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Re: Who the heck is Tom Bombadil?

Post by halfwise on Tue Jan 22, 2013 8:24 pm

BTW, Gene Hargrove is a He. Professor of philosophy at North Texas state.

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Re: Who the heck is Tom Bombadil?

Post by Elthir on Tue Jan 22, 2013 8:49 pm

Oh I see. Thanks!
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Re: Who the heck is Tom Bombadil?

Post by RA on Tue Jan 22, 2013 10:34 pm

halfwise wrote:Hobbits were forced upon him by the publisher and a chance bit of whimsy; Tom was forced upon him by his children. Not that he was unhappy about it, there was just no need to shove them into a pre-created framework. I guess I'd think of the legendarium as a trellis upon which Tom and the Hobbits can play: it has to be strong enough to support them, but they are not part of it.
Even so, their inclusion can be theorized within the mythos. It's not perfect, but it can work. Tom's possibly a Maia. The Hobbits were maybe just not noticed by the Silmarillion's narrator, assuming the narrator isn't omniscient.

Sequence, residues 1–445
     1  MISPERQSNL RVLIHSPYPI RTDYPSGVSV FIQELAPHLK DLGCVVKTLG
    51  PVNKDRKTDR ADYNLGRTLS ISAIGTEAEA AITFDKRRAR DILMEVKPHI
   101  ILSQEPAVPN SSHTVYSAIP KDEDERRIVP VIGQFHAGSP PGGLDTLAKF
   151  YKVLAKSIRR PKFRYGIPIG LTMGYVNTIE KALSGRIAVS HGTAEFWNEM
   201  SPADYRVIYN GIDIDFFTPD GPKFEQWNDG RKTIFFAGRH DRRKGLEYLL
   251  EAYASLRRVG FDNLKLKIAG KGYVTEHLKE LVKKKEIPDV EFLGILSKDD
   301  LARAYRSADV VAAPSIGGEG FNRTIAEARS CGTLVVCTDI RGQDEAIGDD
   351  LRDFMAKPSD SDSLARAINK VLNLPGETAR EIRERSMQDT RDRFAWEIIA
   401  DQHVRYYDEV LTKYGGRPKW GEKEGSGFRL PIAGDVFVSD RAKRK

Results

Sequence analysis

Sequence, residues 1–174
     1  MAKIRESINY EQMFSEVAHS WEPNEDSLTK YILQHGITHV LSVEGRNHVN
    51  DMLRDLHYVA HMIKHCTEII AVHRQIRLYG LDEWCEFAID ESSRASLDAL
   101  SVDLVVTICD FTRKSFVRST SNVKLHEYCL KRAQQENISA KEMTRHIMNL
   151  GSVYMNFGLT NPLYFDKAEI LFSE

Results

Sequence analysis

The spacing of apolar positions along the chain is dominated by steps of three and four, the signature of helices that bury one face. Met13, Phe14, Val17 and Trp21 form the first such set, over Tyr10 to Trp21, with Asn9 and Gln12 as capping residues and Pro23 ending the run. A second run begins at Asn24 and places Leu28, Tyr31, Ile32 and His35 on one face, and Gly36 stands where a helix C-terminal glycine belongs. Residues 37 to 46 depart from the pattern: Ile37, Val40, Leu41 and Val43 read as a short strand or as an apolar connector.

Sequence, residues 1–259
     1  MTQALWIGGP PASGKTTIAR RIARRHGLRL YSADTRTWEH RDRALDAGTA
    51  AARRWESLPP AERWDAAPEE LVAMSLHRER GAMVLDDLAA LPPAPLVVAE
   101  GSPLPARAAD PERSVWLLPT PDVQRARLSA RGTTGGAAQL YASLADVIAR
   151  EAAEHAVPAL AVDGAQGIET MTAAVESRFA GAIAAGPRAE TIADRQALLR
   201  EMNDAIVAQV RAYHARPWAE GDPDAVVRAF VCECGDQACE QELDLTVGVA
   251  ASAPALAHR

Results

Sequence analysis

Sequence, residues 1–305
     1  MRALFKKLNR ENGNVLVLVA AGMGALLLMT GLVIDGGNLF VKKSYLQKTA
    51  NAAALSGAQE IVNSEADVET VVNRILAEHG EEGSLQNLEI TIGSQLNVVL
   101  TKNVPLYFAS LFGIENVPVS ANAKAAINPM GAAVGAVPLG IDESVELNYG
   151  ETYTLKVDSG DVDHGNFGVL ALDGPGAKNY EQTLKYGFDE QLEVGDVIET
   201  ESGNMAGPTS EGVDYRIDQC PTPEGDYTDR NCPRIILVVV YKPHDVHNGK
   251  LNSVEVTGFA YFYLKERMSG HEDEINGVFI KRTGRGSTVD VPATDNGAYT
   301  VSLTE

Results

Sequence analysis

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Re: Who the heck is Tom Bombadil?

Post by halfwise on Wed Jan 23, 2013 12:45 am

Yep, but for me the question is whether Tolkien had worked them into the framework in his own mind or not. Elthir's point about there being no written record (among the sheaths of stuff Christopher Tolkien dug up) has finally convinced me that he wasn't interested. Perhaps things fall into two classes: the mythology he was creating before the Hobbit, and the more random ideas that came after. I start to feel that he just didn't care to bring Hobbits and Tom into the very independent framework of the mythology: they were just hung like paintings on the wall; they weren't structural.